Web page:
Pending Home Sales Tanked in April But Are Expected to Rebound


Pending home sales sank 21.8% on an adjusted basis in April compared with March and were down 33.8% compared with April 2019, due to the coronavirus pandemic, according to the National Association of Realtors.

It was the second consecutive month that pending home sales dropped.

Regionally, and month-over-month, contract signings plummeted 48.2% in the Northeast, 15.9% in the Midwest, 15.4% in the South, and 20.0% in the West – however, NAR notes that the rate of decline in each region is flattening.

“With nearly all states under stay-at-home orders in April, it is no surprise to see the markedly reduced activity in signing contracts for home purchases,” says Lawrence Yun, chief economist for NAR, in a statement.

However, Yun expects that April will be the lowest point for pending contracts, and the month of May, consequently, will be the lowest point for closed sales.

“While coronavirus mitigation efforts have disrupted contract signings, the real estate industry is ‘hot’ in affordable price points with the wide prevalence of bidding wars for the limited inventory,” Yun says. “In the coming months, buying activity will rise as states reopen and more consumers feel comfortable about home buying in the midst of the social distancing measures.”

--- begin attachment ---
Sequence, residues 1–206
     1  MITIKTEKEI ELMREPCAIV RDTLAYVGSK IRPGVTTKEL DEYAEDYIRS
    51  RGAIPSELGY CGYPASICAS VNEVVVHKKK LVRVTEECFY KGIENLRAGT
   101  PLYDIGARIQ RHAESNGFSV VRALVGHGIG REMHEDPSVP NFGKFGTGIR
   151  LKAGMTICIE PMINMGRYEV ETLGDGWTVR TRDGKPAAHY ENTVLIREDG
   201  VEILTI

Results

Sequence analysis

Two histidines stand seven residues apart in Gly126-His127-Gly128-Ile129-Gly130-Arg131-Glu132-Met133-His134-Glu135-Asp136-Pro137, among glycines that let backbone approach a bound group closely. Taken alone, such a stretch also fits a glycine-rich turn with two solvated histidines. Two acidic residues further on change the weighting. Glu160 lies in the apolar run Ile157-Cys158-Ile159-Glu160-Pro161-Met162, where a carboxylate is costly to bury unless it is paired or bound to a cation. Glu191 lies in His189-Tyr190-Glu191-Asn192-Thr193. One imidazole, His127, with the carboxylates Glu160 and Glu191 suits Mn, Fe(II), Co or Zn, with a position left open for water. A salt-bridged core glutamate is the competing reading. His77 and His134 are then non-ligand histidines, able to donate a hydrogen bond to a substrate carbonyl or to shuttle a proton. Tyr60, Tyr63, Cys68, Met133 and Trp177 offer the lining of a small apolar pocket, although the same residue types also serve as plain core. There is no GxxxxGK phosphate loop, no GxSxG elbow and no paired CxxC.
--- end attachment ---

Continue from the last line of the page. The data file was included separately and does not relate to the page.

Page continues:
A sign that buyers’ comfortability may be growing is seen in NAR’s most recent Flash Survey, as 34% of Realtors reported successfully completing nearly all aspects of transactions while adhering to social distancing procedures.

An in another positive development, new listings were up in April from one year ago in 34 metro areas, including Virginia Beach, Va., Sioux Falls, S.D., Odessa, Texas, Summerville, Ga., and Las Cruces, N.M.

“Given the surprising resiliency of the housing market in the midst of the pandemic, the outlook for the remainder of the year has been upgraded for both home sales and prices, with home sales to decline by only 11 percent in 2020 with the median home price projected to increase by four percent,” Yun says. “In the prior forecast, sales were expected to fall by 15 percent and there was no increase in home price.”

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